In systems where education is synonymous with rote learning, the problem is further compounded. While LLMs can help students to develop ‘drafts’ or enhance engagement, the finding that ChatGPT can pass graduate-level exams poses a serious challenge to the global examination system, especially in the online mode. It could also lead to easy and rampant plagiarism in the field of research and publications, thereby limiting the ability of researchers to read, assimilate, synthesize, analyze, and emerge with useful insights as part of their original contribution.

Several academics also believe that LLMs pose serious ethical concerns, can be biased, and are likely to hinder human creativity by snatching away the ability of expression. Nevertheless, any innovation of this magnitude cannot be wished away. It is here to stay and will eventually become ubiquitous.

The question is how do we deal with it? Should we consider it an eclipse on the realm of education or leverage it to drive personalized learning? Do policymakers need to enforce a ban or make Promethean use of it? Does it create an opportunity for educators to relook at the ways in which curriculum, pedagogy, and assessments are designed? Can it empower students to transition from accumulating information to developing the skill of using information in impactful and innovative ways?

According to Global Market Insights, AI in Education has an estimated $4 billion market size, and is expected to grow to $30 billion by 2032. A McKinsey Global Institute Report found that existing technologies could automate 20-40% of activities educators perform. At the same time, technology in the form of online AI tutors has shown 2-2.5 times higher learning outcomes. Hence, it is evident that LLMs may offer abundant prospects to enhance quality of teaching-learning.

For a long time, our education system has been hinged on information acquisition and memorisation. Instead of being passive recipients of the curriculum, students may now have an opportunity to participate in the development of the knowledge economy. It can present insightful ways to modify traditional evaluation methods and incorporate various techniques to assess students’ imagination, knowledge, and skills. Through pedagogical clarity, educators can strategically leverage LLMs as a revolutionary tool.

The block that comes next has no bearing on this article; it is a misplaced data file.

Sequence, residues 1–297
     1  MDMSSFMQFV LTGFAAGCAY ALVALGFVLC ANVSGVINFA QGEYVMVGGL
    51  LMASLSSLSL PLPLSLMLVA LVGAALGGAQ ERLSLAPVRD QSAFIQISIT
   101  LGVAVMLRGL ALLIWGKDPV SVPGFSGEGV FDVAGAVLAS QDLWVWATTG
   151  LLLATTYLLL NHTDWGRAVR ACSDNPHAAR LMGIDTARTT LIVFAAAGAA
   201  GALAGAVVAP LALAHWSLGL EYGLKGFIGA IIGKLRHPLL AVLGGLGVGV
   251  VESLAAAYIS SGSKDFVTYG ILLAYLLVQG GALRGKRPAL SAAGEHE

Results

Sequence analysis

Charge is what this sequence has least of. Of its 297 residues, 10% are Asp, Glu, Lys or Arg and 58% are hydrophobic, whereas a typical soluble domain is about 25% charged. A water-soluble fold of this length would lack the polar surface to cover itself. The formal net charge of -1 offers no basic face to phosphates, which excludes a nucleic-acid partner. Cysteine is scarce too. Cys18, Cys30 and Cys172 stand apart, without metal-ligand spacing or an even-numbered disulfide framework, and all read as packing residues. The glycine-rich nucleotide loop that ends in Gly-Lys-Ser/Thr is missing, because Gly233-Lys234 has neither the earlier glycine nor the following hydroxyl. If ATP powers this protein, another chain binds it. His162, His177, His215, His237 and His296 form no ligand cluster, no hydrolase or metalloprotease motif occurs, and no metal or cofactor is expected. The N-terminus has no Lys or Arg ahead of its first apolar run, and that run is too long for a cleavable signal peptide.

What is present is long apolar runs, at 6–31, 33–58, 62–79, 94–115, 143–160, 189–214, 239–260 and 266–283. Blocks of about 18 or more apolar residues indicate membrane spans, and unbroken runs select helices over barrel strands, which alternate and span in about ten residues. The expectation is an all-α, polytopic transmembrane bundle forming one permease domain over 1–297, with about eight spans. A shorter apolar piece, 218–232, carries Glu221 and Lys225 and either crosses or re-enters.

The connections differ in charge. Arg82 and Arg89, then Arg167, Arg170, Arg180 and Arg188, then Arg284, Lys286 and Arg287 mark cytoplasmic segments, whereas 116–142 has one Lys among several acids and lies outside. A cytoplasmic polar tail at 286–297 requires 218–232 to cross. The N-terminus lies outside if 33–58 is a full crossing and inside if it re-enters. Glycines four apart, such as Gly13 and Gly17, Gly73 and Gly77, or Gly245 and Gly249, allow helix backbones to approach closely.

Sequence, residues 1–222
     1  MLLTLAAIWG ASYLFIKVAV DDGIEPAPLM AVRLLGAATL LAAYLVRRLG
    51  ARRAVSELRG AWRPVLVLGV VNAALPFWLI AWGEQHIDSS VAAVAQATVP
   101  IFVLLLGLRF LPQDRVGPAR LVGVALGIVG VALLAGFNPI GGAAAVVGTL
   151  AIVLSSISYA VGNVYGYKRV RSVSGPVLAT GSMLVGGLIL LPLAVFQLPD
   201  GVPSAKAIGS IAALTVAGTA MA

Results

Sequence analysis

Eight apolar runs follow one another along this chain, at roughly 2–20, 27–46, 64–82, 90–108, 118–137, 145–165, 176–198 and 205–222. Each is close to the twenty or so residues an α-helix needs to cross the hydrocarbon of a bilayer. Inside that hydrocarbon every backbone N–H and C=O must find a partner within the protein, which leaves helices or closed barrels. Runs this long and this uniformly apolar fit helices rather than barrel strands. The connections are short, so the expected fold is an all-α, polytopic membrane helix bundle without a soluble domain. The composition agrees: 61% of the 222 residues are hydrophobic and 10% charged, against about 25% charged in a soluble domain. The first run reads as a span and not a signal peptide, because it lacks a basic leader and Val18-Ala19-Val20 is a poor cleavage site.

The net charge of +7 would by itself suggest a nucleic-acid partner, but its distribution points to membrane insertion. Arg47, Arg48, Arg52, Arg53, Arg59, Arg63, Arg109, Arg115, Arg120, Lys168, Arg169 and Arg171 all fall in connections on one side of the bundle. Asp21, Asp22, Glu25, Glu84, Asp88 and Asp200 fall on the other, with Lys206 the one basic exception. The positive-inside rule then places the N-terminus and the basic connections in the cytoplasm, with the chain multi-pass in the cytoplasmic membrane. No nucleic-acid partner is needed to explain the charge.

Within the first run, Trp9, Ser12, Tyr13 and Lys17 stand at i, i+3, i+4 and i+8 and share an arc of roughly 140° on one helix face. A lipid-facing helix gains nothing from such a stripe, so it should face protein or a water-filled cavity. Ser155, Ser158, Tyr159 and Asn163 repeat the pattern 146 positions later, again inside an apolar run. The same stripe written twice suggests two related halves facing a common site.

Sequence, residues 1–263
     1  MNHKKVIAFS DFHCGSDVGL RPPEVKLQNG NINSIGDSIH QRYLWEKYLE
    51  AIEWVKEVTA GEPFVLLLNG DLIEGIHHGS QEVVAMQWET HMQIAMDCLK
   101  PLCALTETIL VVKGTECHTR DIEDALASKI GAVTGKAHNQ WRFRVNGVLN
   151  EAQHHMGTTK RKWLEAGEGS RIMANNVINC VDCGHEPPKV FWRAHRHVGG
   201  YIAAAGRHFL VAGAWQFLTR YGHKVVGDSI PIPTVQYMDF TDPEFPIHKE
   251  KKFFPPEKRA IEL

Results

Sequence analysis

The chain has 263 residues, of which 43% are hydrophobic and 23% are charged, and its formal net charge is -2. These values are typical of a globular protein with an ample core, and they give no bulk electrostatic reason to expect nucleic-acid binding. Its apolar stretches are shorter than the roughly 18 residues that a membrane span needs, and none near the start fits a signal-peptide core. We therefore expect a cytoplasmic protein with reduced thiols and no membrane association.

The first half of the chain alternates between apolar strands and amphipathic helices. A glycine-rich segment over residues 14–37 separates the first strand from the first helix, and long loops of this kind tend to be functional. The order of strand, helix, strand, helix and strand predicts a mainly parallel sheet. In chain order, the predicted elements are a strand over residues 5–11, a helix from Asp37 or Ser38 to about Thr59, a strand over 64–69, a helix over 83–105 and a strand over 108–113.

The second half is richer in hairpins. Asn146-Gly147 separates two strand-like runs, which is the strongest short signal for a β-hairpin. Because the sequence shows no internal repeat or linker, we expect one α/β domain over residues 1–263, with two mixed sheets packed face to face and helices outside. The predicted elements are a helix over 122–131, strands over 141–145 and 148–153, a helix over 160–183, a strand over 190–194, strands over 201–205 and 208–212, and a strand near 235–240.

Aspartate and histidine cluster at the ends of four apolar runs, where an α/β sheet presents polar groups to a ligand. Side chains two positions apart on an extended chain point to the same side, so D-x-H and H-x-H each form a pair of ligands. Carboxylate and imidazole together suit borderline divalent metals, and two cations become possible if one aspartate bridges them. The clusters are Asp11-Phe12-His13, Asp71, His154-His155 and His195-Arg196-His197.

If incorporated into the curricula, it may facilitate the creation of customised content and immersive simulations. We ought to treat LLMs as calculators were treated for mathematics, rather than treating it as a ‘Man vs. Machine’ problem. After all, education aims at making students creators, and not a replica of computers.

In the years ahead, LLMs may play a vital role as we embrace Pervasive Computing and move towards Society 5.0. With its current trajectory, the hazy picture will soon become clearer. In the meantime, it is essential to wisely apply this cognitive automation to support human growth and socioeconomic development. There will be challenges and we may have to indulge in balancing acts. Yet, such a reality should be translated into Responsible AI to empower academia to nurture future generations.

Disclaimer: This content is authored by Dr. Swapnil Morande, Senior Associate, NITI Aayog, and Dr. Shashank Shah, Senior Specialist, NITI Aayog. Views expressed are personal.